The Commiecrats just don't give up, do they? *Nowhere* in any news article does it indicate that *any* book was actually banned. Nor does any banning *ever* appear on the City of Wasilla records. (Thanks to Confederate Yankee).
What the facts *do* indicate is that Mayor Palin, approached with petitions to take something off the library list, turned to the city librarian and asked “What is the procedure for these sort of complaints?” That’s hardly the same as actually taking action to ban anything. Asking for a clarification on “how we deal with complaints” is hardly the same as banning anything. The truth about this story is also between the lines in the Alaska local Wasilla paper, and the Anchorage Daily News, although the headlines are the usual sensational bias.
I can just imagine the flip side of this—what if something horrid like kiddie porn was smuggled into the library and Mayor Palin didn’t inquire about it. Then the media would be claiming “MAYOR PALIN SUPPORTS KIDDIE PORN IN LIBRARIES!” Why do I suspect a set-up?
The Anchorage Daily News asks: “Were any books censored banned? June Pinell-Stephens, chairwoman of the Alaska Library Association's Intellectual Freedom Committee since 1984, checked her files Wednesday and came up empty-handed.”
Meanwhile, Blogress Jessamyn West, a Vermont librarian, states that “there appears to be no truth to the claim made by the commenter, and no further documentation or support for this has turned up.”
The librarian, Mary Ellen Emmons (now Baker), was not fired but instead resigned in August 1999, two months before Palin was voted into her second term.
You don’t like her stance on abortion? Fine. But this story has no substance to it.
The book-banner tale seems to have originated in a widely circulated Aug. 31 email from Anne Kilkenny, who is not a "South Park" character but a Wasilla resident and harsh Palin critic.
On Sept. 2, Time magazine repeated the tale, attributing it to John Stein, Palin's predecessor as mayor, whom she defeated in the 1996 election.
Some asshat named Andrew AuCoin then posted "the list of books Palin tried to have banned"--90 of them in all. But another reader noticed that the list actually seemed to originate at this page--where it appears under the headline "Books Banned at One Time or Another in the United States."
But the phony list was already making its way around the Internet. The myth that Sarah Palin is a "book banner" has taken hold, at least on the left. It shows up, for instance, in two Salon articles (here and here) today.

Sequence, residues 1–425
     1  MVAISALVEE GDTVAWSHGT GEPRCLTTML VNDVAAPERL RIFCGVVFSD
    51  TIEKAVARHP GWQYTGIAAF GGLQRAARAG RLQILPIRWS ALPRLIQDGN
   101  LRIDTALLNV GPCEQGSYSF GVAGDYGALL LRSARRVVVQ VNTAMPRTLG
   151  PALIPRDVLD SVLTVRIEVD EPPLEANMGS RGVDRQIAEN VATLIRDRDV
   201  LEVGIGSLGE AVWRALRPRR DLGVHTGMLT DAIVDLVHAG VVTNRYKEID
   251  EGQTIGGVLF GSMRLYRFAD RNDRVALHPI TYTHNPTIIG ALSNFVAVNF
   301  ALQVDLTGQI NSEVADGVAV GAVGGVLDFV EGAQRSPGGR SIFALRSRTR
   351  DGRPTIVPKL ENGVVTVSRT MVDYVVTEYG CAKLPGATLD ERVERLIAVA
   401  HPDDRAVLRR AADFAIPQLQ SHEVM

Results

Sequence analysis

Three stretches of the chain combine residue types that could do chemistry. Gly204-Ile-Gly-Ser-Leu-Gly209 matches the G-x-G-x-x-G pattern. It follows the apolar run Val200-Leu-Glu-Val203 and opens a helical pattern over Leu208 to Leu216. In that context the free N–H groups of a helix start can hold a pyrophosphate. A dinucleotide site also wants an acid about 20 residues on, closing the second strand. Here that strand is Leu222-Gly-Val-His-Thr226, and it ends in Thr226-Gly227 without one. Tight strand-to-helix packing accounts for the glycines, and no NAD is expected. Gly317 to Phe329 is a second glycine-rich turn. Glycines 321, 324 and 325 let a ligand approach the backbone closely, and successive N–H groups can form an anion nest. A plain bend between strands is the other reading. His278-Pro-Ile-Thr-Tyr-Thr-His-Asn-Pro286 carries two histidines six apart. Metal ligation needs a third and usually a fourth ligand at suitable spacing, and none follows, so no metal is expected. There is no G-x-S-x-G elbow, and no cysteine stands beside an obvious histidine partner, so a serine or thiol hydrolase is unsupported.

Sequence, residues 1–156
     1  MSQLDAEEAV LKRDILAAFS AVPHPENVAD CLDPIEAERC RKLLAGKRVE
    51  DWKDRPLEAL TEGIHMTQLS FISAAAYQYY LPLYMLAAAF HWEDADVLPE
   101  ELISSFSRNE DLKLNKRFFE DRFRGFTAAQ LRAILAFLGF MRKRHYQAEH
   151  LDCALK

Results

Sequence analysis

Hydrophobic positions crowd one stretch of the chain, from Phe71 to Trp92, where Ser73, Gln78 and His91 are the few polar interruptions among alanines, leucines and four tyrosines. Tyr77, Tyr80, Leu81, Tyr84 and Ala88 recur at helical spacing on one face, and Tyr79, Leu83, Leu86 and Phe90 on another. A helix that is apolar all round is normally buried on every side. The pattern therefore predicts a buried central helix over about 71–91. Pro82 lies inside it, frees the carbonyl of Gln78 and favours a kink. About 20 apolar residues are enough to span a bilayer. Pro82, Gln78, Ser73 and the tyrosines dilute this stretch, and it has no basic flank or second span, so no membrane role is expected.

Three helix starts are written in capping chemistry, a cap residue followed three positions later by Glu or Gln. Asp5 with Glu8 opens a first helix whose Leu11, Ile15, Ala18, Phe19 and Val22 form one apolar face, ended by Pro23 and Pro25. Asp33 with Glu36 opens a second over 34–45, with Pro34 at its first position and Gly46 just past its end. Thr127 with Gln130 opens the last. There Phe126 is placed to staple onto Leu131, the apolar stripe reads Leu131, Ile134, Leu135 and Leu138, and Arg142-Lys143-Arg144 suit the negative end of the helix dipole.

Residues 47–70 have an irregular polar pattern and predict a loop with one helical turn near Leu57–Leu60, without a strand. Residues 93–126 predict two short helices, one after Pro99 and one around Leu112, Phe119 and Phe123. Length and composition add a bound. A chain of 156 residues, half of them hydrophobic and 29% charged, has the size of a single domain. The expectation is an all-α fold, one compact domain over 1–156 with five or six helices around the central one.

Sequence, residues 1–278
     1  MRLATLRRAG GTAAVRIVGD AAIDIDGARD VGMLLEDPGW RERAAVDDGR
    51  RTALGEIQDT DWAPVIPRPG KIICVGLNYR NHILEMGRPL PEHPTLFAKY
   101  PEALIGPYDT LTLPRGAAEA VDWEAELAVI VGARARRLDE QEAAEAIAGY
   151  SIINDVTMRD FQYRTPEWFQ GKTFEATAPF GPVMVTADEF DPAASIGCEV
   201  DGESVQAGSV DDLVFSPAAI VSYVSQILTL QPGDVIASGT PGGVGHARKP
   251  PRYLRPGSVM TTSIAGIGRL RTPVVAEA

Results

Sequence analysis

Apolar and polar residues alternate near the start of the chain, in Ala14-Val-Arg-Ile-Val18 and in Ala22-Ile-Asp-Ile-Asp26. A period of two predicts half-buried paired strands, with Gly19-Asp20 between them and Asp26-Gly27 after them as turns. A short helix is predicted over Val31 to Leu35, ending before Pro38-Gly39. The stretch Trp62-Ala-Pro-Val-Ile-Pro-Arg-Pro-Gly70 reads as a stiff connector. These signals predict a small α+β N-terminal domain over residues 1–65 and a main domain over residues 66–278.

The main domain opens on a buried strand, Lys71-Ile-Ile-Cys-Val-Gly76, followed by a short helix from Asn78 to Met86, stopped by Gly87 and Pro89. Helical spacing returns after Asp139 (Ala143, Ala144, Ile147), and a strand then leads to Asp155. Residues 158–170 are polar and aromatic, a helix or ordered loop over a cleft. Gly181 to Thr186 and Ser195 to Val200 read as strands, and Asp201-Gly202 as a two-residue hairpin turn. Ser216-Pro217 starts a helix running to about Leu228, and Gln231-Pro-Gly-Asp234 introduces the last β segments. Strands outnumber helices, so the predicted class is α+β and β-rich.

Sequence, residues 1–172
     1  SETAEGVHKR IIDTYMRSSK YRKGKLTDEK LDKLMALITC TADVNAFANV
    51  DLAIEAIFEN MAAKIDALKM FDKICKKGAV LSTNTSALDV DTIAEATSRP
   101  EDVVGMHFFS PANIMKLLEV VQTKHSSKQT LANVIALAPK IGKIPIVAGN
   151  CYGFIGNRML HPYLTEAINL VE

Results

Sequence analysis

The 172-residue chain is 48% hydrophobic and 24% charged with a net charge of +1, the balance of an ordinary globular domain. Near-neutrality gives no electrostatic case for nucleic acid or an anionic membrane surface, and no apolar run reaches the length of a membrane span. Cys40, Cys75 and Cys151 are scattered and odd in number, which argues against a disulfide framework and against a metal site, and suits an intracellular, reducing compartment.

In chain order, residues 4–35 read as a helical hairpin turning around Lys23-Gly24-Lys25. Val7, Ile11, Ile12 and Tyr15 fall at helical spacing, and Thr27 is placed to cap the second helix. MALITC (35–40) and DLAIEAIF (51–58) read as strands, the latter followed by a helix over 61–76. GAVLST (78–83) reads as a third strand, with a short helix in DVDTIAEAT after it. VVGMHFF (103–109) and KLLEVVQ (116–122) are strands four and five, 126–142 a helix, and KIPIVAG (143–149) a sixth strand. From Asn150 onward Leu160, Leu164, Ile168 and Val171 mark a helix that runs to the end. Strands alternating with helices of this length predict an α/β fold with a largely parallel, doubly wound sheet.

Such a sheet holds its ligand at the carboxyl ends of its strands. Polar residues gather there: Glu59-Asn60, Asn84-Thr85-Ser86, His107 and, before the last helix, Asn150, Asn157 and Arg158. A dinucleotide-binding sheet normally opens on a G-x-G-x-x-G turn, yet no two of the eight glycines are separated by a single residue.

There is also the issue of -- horrors! -- Praying for our troops! (shudder)
Blogger Jim Lindgren notes another example, a CNN report from yesterday:
[Palin] also talked to church members about "being saved" at the Assembly of God and suggested to them that the war in Iraq is a mission from God. Palin said, "our national leaders are sending them out on a task that is from God. That's what we have to make sure that we are praying for, that there is a plan and that that plan is God's plan."
But this quote turns out to be out of context, which seems to be usual nowadays. Here's what Palin actually said:
"Pray for our military. He's [Palin's son Track] going to be deployed in September to Iraq. Pray for our military men and women who are striving to do also what is right for this country--that our leaders, our national leaders are sending them out on a task that is from God. That's what we have to make sure we are praying for, that there is a plan and that that plan is God's plan."
"I find it hard to believe that Anderson Cooper does not understand the difference between praying for something you hope is true and stating that it is true," Lindgren writes. (The article with the misleading quote actually is written by a correspondent for Cooper's show, not Cooper himself.) It's all too easy, however, to believe that journalists would be sloppy at best when reporting stories that fit their stereotypes about Palin in particular and conservative Christians in general.
On PBS's "Washington Week in Review" Friday, hostess Gwen Ifill reported encountering hostility on the floor of the Republican Convention: "There was a genuine grievance underneath all of that, this idea that she had been a victim and a victim of sexism and a victim of media bias." Jeanne Cummings of Politico disagreed:
"Well, I don't have any sympathy for them. I don't think there is any grievance that matters. John McCain put this woman--and she accepted--in a position to become president of the United States in the next 60 days. We don't have enough time to mess around with this. We need to know a lot more about this woman. And it's our job to find out everything we can about her, so the voters can make an educated decision about whether they want her that close to the presidency."
Even if "this woman" has nothing to complain about, don't readers and viewers have a right to expect that journalists report what they "find out" only if it is true?